Jemez Pueblo's Aboriginal Title Claims to the Valles Caldera Dismiss; Pueblo Appeals

Background: The Valles Caldera, was, along with surrounding areas in the Jemez Mountains, the ancestral home of the people of the Jemez Pueblo.  The Caldera was made a National Preserve in 2000 by the Valles Caldera Preservation Act, 16 U.S.C. §§ 698v-609v, and is currently the subject of a Senate Bill to designate it as a National Park (S. 285, introduced Feb. 12, 2013).  The crater of a volcano that last erupted between 50,000 and 60,000 years ago,[i]   the rim has a diameter of approximately twenty miles, and the Caldera contains four high mountain valleys and eleven resurgent volcanic domes.[ii]   The Jemez settled in the region near and around the Valles Caldera in approximately 1300, with at least sixty pueblos disbursed throughout the region.[iii]   The present-day Jemez Pueblo is located south of the Caldera, and, although within the historical area of the Jemez, was founded as a mission by the Spanish in approximately 1621.[iv]   The diverse populations of the multiple Jemez pueblos began settling in the current Pueblo in increasing numbers in the early eighteenth century, and the pueblos in the area immediately surrounding the Caldera were no longer inhabited.[v]   The Jemez people, however, continued to use the Caldera for hunting and cultural purposes.

In 1860, the United States granted the Valles Caldera, as part of a large grant of over 99,000 acres, to the heirs of Luis Maria Cabeza de Baca ("Baca heirs").[vi]  The Valles Caldera became known as the Baca Ranch.  The Jemez people were permitted by the Baca heirs to use the Valles Caldera.[vii]  To create the Valles Caldera National Preserve, the United States purchased the Baca Ranch from the Baca heirs. [viii]

 

The Litigation:  In 2012, the Pueblo of Jemez filed suit against the United States under the Quiet Title Act, 28 U.S.C. § 2409A, asserting aboriginal title to over 1,100 square miles the drainage of the Rio Jemez, incorporating the Valles Caldera. [ix]  Central to the Pueblo's claim was that the Baca heirs obtained title subject to the Jemez' aboriginal title. [x]  The Federal District Court for the District of New Mexico denied the Pueblo's claims, ruling that the suit was barred because the United States had not waived its sovereign immunity. [xi]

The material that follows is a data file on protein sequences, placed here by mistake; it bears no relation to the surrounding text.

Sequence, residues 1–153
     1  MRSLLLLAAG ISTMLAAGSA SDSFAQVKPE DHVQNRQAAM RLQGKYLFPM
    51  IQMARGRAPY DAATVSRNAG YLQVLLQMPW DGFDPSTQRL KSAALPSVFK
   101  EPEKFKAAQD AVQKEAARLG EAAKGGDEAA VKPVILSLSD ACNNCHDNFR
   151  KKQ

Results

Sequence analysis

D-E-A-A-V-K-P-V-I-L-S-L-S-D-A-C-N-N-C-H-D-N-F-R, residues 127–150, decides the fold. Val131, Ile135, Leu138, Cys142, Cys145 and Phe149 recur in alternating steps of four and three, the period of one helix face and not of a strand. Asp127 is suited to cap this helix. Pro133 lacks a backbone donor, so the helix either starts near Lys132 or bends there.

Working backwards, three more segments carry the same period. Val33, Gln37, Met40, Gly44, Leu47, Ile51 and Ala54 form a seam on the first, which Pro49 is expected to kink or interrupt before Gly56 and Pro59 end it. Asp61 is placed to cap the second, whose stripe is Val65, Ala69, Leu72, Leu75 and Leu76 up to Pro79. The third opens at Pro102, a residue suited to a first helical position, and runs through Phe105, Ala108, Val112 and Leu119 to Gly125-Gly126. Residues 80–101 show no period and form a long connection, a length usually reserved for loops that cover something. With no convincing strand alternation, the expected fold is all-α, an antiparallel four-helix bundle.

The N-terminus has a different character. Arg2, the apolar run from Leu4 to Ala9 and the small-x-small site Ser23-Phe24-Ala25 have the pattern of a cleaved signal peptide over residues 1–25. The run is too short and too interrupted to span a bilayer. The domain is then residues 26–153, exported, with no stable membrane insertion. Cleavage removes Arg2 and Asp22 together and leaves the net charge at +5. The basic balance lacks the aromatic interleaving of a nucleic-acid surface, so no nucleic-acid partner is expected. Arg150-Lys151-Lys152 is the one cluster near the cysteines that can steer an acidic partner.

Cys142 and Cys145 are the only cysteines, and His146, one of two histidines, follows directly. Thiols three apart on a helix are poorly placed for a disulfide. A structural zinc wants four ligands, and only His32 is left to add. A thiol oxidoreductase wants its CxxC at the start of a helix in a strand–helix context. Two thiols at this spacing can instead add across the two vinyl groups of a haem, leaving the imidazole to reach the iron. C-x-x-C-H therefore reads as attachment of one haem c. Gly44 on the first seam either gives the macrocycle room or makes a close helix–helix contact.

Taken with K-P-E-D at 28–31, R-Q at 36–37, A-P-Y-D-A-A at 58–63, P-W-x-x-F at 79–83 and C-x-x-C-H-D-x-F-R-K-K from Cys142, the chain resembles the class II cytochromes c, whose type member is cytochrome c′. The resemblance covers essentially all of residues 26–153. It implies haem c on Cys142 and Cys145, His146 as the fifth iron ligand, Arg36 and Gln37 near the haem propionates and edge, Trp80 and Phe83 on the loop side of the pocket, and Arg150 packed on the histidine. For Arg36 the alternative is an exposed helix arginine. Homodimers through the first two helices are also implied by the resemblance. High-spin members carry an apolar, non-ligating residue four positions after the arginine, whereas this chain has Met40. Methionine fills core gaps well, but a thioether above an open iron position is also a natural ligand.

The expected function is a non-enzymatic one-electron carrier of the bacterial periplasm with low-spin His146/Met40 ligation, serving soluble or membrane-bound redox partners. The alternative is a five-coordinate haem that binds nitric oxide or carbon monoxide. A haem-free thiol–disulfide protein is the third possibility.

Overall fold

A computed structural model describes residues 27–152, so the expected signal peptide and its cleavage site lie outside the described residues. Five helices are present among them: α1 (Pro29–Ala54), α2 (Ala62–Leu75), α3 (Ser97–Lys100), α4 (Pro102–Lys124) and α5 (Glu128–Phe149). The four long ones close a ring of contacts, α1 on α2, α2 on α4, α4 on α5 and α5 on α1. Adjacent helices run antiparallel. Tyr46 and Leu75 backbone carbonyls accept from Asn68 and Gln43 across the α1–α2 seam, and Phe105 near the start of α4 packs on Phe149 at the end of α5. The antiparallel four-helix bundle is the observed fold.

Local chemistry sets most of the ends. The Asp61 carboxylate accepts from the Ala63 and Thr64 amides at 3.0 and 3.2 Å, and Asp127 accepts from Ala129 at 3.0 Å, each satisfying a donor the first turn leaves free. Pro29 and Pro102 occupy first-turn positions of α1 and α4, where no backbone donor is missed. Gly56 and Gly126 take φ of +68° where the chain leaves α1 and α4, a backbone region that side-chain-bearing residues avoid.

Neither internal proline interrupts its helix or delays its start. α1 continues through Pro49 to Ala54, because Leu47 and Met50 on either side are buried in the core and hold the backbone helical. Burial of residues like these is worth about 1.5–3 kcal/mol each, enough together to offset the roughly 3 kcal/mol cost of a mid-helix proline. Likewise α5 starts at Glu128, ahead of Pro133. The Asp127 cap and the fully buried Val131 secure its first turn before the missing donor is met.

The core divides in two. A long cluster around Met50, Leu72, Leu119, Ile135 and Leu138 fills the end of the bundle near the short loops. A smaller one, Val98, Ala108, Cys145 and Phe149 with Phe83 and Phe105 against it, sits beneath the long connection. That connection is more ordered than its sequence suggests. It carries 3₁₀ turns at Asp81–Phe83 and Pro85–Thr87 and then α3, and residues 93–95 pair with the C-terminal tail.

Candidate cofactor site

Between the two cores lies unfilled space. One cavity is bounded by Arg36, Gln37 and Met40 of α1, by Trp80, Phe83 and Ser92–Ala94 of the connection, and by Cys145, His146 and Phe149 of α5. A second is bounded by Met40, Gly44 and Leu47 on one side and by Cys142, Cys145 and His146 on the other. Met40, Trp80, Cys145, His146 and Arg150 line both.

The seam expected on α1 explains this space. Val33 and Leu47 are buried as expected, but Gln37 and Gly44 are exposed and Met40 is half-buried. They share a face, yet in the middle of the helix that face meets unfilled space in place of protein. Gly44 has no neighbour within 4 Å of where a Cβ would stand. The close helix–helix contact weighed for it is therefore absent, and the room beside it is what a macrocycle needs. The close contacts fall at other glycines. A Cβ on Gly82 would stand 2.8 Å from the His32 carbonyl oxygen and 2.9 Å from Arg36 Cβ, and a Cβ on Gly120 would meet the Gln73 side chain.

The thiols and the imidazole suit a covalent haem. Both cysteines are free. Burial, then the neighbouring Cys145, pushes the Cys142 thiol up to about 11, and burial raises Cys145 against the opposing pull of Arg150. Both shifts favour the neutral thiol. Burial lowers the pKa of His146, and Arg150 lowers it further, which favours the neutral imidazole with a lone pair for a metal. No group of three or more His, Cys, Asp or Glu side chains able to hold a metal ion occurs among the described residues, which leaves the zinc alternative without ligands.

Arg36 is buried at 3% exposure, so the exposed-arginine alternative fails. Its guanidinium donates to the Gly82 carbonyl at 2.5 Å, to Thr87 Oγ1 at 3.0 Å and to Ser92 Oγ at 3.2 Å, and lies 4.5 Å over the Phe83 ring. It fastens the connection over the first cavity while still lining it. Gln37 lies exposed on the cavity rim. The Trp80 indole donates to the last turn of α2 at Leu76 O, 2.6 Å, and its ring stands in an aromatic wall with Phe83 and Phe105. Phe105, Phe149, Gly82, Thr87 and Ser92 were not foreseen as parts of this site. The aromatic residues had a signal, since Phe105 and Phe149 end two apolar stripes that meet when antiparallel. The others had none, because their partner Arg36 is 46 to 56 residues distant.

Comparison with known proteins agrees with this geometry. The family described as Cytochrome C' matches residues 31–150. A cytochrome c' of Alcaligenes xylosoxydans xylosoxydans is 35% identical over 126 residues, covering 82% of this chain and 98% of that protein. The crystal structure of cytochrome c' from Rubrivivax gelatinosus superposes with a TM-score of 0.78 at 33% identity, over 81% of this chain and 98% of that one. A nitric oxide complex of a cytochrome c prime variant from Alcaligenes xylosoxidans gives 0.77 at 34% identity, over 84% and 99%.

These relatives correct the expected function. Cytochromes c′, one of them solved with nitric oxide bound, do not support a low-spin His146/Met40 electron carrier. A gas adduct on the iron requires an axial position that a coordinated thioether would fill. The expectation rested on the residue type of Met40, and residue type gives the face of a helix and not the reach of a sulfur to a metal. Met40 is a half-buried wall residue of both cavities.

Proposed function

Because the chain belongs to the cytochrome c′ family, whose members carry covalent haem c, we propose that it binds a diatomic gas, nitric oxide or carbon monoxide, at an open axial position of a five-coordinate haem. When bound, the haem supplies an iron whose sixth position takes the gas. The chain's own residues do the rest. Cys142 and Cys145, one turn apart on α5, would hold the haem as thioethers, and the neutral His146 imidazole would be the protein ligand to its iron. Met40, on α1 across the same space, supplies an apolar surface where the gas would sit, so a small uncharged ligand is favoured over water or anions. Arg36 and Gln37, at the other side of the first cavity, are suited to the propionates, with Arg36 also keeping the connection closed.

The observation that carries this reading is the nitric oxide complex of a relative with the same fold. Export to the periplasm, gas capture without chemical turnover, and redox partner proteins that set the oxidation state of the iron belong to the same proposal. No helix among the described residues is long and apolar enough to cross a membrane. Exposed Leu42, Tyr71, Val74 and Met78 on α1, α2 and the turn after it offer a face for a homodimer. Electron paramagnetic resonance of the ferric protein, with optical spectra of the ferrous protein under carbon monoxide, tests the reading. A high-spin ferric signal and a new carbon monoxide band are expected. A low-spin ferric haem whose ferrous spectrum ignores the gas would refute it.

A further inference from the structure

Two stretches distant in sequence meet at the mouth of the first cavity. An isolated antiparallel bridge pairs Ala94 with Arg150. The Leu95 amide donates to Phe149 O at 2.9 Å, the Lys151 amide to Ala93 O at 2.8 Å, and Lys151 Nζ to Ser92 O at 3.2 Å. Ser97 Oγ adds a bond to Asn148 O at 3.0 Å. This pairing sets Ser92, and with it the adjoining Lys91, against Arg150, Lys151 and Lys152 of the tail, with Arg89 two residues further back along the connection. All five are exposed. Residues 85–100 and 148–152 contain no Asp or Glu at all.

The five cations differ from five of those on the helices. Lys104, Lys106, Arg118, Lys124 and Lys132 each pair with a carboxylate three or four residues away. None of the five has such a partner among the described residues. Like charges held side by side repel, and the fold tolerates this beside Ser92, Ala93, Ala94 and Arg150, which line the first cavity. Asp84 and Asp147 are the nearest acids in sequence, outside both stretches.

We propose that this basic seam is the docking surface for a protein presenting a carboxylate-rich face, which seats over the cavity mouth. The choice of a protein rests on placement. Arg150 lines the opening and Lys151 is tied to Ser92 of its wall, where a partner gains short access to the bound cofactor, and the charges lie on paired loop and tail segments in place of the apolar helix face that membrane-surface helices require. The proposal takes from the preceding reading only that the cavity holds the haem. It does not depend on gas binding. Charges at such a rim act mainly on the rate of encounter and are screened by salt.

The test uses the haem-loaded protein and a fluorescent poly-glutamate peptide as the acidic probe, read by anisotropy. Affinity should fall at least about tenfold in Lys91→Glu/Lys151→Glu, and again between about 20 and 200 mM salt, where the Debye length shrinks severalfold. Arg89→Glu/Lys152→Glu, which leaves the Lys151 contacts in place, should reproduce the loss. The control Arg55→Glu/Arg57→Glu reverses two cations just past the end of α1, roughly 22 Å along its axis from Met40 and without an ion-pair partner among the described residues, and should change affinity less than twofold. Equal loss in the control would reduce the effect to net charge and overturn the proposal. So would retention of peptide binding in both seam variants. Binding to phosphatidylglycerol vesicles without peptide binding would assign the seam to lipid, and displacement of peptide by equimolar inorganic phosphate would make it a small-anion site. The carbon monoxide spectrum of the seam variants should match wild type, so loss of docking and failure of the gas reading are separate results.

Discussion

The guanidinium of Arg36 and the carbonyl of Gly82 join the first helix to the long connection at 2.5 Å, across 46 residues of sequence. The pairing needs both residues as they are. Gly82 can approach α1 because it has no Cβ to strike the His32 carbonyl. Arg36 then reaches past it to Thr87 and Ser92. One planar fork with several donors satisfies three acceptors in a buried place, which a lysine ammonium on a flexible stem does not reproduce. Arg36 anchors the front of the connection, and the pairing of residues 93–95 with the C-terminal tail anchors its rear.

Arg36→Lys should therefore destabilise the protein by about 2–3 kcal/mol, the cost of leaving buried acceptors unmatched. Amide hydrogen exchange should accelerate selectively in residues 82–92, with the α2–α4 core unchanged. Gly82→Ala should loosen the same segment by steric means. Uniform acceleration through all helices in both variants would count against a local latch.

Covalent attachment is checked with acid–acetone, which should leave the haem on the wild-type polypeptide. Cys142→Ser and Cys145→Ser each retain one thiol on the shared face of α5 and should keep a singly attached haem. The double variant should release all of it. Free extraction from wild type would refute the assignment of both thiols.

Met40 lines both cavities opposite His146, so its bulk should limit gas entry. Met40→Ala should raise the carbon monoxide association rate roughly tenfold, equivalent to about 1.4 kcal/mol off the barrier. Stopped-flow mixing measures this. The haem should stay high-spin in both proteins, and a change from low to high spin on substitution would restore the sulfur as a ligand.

The court's ruling "[was] determined by binding Tenth Circuit precedent":  Navajo Tribe of Indians v. New Mexico, 809 F.2d 1455 (10th Cir. 1987), in which the court ruled that claims asserted by the Navajo Nation against the United States, New Mexico, and individual grantees were barred because they were within the exclusive jurisdiction of the Indian Claims Commission, and thus were barred by the statute of limitations of the Indian Claims Commission Act, 25 U.S.C. §§ 70 – 70n-2 ("ICCA"). [xii] The ICCA, enacted in 1946, provided Tribes five years to file claims against the United States; the statute of limitations for the claims permitted by the ICCA was August 13, 1951. [xiii]

The court explained that the ICCA provides the exclusive remedy for pre-1946 Indian tribal claims against the United States. [xiv]  The court rejected the Pueblo's claim that the Pueblo did not have a claim against the United States as of 1946 because, either the United States' grant to the Baca family in 1860 extinguished aboriginal title and the Pueblo could not now claim aboriginal title, or it did not extinguish that title, in which case, the Pueblo's claim existed prior to 1946 and was barred by the ICCA. [xv]  The court also relied on the fact that the Pueblo had brought an ICCA claim in 1951—and received a final judgment against the United States—but did not include in that claim title to lands that now comprise the Valles Caldera National Preserve. [xvi]  Because the Pueblo did not comply with the requirements of the ICCA, the court concluded that the United States' sovereign immunity was not waived and dismissed the case. [xvii]

Stay tuned:  This ruling demonstrates that, although the aboriginal title doctrine continues to exist in the United States, the ability of Native American tribes and pueblos to assert aboriginal title is curtailed by Congressional action establishing limitations periods for claims of aboriginal title.  The Jemez Pueblo has appealed the district court's decision to the Tenth Circuit Court of Appeals.  A decision is not expected until 2014.



i. Smithsonian Institution Global Volcanism Program, Valles Caldera, Background.

ii. Memorandum Opinion and Order, Pueblo of Jemez v. United States of America, No CIV 12-0800 BB/RHS, slip op. at 1 (Sept. 24, 2013).

iii. Joe A. Sando, 9 Handbook of North American Indians , Southwest 418 (William C. Sturtevant, gen. ed., Alfonso Ortiz, vol. ed., Smithsonian Institution 1979); Pueblo of Jemez v. United States, No. Civ-12-0800 ID.N.M., Sept. 24, 2013)

iv. Sando, supra n. iii 418.

v. Sando, supra n. iii 422; Joe S. Sando, Nee Hemish:  A History of Jemez Pueblo 12 (Clear Light Publishing 2008).

vi. Pueblo of Jemez v. United States of America, No. CIV-12-0800 RB/RHS (Sept. 24, 2013)Memorandum Opinion and Order, slip op. at 3.

vii. Id. at 3.

viii. 16 U.S.C. § 698v (2000).

ix. Memorandum Opinion and Order, slip op. at 2.

x. Id. at 3.

xi. Id. at 5.

xii. Id. at 5-6 (Modrall Sperling was involved in the Navajo Tribe case).

xiii. Id. at 6-7.

xiv. Id. at 8.

xv. Id. at 8-9.

xvi. Id. at 9.

xvii. Id. at 9-10.

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